Spare me, Breezy fans: I know Scorpion is a 25-track double-album and Culture II had 24 joints on it. But you know what? People were annoyed by those albums. They also don’t make Heartbreak on a Full Moon (45 songs) and Brown’s upcoming Indigo (37 songs) seem any less extra, even in the age of streaming.
If you’re as stupid talented and popular as Chris Brown, flooding the market with an absurd amount of songs isn’t a bad idea. If Brown was ever considered an album artist, that label stopped fitting him a long, long time ago. Why not stick to your bread and butter knowing you’ll get a few hits and a shit-ton of plays off the strength of sheer volume?
Without further ado, some predictions for Chris Brown’s Indigo based on the tracklist so gotdamn long it took 3 screenshots to tweet it out.
NEWS: Chris Brown has released the official tracklist for his upcoming album “Indigo” which drops JUNE 28th! 🎈 pic.twitter.com/n2qfOsFnlx
— Breezy Updates 🎈 (Fan Account) (@BreezyUpdatess) June 4, 2019
1. At least one of the songs will reach the Billboard Hot 100’s top-10
There’s nothing really to say about Brown’s artistic direction. If the song titles are any indication, he’ll be talking about the same things and employing the same sounds he’s been using for years in his music. But Brown on an uptempo, pop-friendly R&B/rap fusion will continue to be a problem. In 37 songs, I’m sure something will be as undeniable as “Privacy,” or infectiously nostalgic yet fresh like the Kevin Lyttle sample on “Questions.”
Despite several successful singles, HBOAFM‘s highest charting single was “Party” at a relatively humble #40. Perhaps that doesn’t bode well for my prediction considering there were even more songs on that album than this next one, but his PR has been steady and there seems to be a genuine interest in Brown’s music again beyond the gossip surrounding him.
2. “No Guidance” ft. Drake will not reach the Hot 100’s top-10
Despite the early hype for this one, I’m not buying it. A Drake feature boosting your song’s profile is as close to a guarantee as anything in the music industry today. But not every Drake feature has been the juiced-up short-term stimulus package that his work on “Yes Indeed” and “Look Alive” were. While Brown and Drake are both humongous artists, there’s no guarantee the feature will do anything useful for the song. “Flip The Switch” by Quavo on his solo debut Quavo Huncho, for example, landed at #48 in its only week on the Hot 100 despite Drizzy’s presence.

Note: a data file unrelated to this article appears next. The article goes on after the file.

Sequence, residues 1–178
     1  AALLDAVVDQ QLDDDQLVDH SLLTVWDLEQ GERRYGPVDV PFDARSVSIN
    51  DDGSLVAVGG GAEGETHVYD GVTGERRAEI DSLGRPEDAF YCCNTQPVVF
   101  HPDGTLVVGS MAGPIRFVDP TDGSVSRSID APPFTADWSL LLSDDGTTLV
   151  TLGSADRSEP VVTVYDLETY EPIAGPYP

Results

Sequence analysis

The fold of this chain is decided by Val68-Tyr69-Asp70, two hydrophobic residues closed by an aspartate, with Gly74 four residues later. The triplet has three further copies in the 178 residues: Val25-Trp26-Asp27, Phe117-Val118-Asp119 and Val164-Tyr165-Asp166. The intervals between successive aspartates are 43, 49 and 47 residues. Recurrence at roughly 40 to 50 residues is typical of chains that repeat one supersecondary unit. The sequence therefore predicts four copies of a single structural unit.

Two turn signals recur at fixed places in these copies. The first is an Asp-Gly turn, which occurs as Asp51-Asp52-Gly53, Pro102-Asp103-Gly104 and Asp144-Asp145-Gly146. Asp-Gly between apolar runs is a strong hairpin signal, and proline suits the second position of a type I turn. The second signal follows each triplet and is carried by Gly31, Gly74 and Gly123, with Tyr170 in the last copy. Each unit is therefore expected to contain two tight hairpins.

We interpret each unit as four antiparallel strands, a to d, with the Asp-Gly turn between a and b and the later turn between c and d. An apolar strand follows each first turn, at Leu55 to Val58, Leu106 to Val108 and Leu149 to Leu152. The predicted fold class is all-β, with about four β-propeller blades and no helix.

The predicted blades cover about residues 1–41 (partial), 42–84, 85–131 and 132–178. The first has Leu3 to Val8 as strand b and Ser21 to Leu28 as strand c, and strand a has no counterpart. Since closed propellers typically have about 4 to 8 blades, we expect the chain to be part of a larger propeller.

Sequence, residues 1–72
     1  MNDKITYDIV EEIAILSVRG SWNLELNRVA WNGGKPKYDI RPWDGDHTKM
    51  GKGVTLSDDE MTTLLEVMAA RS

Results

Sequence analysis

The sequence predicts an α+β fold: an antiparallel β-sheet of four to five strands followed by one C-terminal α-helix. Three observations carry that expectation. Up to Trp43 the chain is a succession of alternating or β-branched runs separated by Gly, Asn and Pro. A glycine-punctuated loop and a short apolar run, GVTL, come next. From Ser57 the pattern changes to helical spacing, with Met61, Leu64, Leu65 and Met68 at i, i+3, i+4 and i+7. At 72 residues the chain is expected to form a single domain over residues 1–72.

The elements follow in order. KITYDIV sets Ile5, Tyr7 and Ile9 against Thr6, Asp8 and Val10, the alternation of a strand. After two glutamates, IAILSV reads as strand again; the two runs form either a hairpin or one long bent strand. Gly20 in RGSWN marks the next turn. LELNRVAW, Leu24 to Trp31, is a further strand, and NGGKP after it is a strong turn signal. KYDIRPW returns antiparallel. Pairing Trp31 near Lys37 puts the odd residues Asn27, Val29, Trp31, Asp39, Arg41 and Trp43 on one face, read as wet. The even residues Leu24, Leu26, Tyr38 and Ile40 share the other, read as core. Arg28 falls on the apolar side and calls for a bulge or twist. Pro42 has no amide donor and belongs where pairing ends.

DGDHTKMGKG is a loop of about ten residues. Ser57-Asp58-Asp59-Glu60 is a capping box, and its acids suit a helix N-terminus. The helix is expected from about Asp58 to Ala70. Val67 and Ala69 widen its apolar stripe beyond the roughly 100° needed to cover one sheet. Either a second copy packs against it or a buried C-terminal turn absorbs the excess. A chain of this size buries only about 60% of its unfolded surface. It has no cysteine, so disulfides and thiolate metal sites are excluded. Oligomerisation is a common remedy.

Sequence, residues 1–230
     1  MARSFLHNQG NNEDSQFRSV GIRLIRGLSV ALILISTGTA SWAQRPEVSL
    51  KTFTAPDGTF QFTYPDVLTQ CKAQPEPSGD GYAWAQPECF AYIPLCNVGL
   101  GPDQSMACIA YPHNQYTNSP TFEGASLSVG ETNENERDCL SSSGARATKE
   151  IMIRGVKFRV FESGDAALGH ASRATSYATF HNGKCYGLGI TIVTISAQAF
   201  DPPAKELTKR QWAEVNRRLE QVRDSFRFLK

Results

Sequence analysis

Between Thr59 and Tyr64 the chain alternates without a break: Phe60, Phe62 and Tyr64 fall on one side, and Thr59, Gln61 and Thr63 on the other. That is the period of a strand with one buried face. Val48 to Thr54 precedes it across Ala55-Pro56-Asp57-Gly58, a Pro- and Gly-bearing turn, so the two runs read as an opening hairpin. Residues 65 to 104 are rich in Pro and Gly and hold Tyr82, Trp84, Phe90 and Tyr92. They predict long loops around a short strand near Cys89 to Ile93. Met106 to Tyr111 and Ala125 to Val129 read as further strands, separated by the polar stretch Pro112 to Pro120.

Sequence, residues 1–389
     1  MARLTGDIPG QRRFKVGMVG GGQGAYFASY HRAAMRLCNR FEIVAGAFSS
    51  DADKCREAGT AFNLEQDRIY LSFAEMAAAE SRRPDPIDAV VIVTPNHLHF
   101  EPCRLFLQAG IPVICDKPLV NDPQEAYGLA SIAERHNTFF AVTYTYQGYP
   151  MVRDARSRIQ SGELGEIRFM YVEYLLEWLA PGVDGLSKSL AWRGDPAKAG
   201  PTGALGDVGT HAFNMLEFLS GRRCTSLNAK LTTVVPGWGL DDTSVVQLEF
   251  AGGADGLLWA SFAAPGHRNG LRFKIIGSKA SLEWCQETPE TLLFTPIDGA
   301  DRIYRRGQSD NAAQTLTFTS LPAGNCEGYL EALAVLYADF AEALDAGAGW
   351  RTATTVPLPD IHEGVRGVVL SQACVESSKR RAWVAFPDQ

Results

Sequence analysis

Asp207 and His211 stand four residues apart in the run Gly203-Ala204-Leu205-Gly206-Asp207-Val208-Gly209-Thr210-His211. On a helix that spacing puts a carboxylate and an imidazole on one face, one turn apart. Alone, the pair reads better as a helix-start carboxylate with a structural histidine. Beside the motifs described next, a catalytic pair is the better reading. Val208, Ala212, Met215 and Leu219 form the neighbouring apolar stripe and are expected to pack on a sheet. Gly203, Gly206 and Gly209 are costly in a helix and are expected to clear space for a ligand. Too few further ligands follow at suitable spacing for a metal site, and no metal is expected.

In a 37-song album, I have a hard time believing each track was treated with care. While star power and timing mean a lot in the music industry, nothing can save a rushed or simply mediocre song. At best, “No Guidance” will be reluctantly trendy because it hits all the right algorithmic spots. We’re all slaves to pop music formulas one way or another.
3. Gunna will have the hottest feature
“Hottest” meaning most popular.
I know the Tyga-Breezy link-up is on this album. And there’s Drake, and Juvenile, and Lil Jon’s yellin’ ass. But Gunna rips features.
4. He will have at least one hit (top-40 song with staying power) from both sides of the double-album Indigo
Even if we exclude “Undecided” which has already broken the top-40, the variety and weight of his features plus, of course, having dozens of fucking songs, strongly suggests he’ll see chart success with both sides of the album. This would be an improvement from Heartbreak where only one song from Disc 2 (“High End,” #82) charted, and well off the mark to be considered a hit. Even with Future and Young Thug features, “High End” only stayed on the Hot 100 for two weeks and basically went unheard by the masses.
Unlike Heartbreak, Indigo has a healthy balance of features on each disc. Features including Juvenile and Juicy J, Tyga, Lil Jon, and Kid Ink suggest a high energy Disc 1 with club potential. With features like Drake, Tank, and Trey Songz on Disc 2, plus song titles that seem more bedroom-y than dance floor-ready (e.g. “Early On,” “Heat,” “Let’s Smoke”), we might get a more successful version of “Privacy” out of the second half of this album.
There are artists on each side of the album that don’t seem to fit with the other features—H.E.R. on Disc 1 and Gunna on Disc 2, namely—but they’re such exciting young names in rap/R&B their input will probably be welcomed anyway.
5. The song “BP” is literally a reference to the gas station, but as some sexual simile/metaphor
If I’m off, I’ll be way off. If I’m right, it’s a shame how predictable Chris Brown is.
I started this piece wanting to talk shit about Chris Brown having 82 songs on two albums, but ended up interested and hopeful for some good music.